To get an outside perspective, The Chronicle asked R. Polk Wagner, a professor of law at the University of Pennsylvania who specializes in intellectual-property law and policy, to review the rules of the prize. He says that while the students did not have to obtain a license for intellectual property before the contest, they were required to have "some sort of authorization."
That's something CoolChip did not have, say both Mr. Janes, the Sandia spokesman, and Mr. Koplow, the Sandia researcher. Mr. Janes calls CoolChip's written assertion in its contest entry that it was "in the process of acquiring the rights" to Sandia's technology "nonsensical."
Since the contest, the licensing process has been opened, and a number of companies, including CoolChip, have put in applications. "We're working very hard to commercialize that technology and get it into the marketplace," Mr. Janes says.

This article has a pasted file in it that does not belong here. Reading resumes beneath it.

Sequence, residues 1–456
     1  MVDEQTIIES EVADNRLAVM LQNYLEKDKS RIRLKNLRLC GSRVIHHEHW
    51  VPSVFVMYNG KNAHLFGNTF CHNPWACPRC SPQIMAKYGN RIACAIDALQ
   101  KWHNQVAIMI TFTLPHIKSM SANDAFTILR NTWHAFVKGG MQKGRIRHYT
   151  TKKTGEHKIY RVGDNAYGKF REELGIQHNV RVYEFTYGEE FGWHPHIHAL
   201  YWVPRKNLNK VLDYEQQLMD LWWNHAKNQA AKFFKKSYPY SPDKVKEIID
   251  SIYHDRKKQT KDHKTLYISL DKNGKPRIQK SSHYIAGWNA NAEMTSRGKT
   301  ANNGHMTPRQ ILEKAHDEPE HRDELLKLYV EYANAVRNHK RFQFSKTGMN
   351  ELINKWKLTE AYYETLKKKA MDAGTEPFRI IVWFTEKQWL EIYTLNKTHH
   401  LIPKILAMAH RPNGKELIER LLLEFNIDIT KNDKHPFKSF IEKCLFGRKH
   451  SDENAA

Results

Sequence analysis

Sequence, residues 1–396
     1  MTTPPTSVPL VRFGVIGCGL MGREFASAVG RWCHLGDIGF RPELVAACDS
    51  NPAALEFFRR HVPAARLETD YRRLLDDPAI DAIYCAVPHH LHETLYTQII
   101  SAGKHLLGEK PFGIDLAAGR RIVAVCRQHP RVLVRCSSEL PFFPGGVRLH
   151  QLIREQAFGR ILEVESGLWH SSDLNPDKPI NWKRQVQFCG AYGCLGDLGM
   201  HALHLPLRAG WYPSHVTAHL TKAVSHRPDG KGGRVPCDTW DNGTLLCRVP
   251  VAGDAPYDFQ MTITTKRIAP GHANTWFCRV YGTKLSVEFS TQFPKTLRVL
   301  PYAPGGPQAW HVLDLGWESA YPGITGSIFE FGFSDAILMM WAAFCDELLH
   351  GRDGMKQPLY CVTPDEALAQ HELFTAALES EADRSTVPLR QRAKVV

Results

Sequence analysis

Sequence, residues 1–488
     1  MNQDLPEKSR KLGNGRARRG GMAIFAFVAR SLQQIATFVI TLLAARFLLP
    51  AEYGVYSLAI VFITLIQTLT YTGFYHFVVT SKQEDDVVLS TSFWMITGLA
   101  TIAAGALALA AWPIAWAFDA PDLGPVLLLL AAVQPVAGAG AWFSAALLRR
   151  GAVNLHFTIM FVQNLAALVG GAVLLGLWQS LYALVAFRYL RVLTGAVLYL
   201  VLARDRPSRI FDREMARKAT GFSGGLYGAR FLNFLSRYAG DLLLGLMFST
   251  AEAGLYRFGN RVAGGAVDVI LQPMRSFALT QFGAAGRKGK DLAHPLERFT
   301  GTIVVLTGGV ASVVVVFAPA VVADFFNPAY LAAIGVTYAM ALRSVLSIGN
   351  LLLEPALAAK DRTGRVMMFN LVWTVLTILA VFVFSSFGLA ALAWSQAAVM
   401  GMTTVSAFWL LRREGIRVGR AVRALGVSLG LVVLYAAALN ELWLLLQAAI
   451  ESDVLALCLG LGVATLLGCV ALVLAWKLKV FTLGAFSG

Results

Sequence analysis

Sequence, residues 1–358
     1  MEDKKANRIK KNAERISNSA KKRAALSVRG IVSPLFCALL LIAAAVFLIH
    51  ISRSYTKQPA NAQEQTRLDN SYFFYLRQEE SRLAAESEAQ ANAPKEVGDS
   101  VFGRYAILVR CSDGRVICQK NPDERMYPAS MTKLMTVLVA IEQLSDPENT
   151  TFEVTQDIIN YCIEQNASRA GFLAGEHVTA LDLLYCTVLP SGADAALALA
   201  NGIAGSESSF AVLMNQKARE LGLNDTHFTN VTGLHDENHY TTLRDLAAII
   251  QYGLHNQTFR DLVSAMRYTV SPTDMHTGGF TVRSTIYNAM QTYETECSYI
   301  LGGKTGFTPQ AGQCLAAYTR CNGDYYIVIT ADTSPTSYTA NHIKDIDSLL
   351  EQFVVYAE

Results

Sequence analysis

CoolChip's Mr. Sanchez insists that the whole thing is a result of a miscommunication and, in an e-mail to The Chronicle, wrote that he was "looking back at some stuff that might be useful." He did not provide further information. His two teammates, Mr. Stoddard and Daniel Vannoni, directed all questions to Mr. Sanchez.
If it's true that CoolChip did not have permission from Sandia to use its technology, might that have made a difference in the outcome of the contest?
Two of the judges contacted by The Chronicle say they were surprised to learn that CoolChip did not have any authorization from Sandia. One of those judges, Dennis R. Costello, managing partner at Braemar Energy Ventures, says that if CoolChip presented the technology without the knowledge or permission of Sandia, "it would have been a negative for sure."
Another judge, Michael J. Pomianek, echoes that view, saying it would have been "a huge red flag." Mr. Pomianek, an intellectual-property lawyer in Boston, says he made it a point to ask the teams about intellectual-property rights. His impression from CoolChip was that it was "dotting the i's and crossing the t's" with Sandia. Learning otherwise, he says, would be "surprising and disturbing."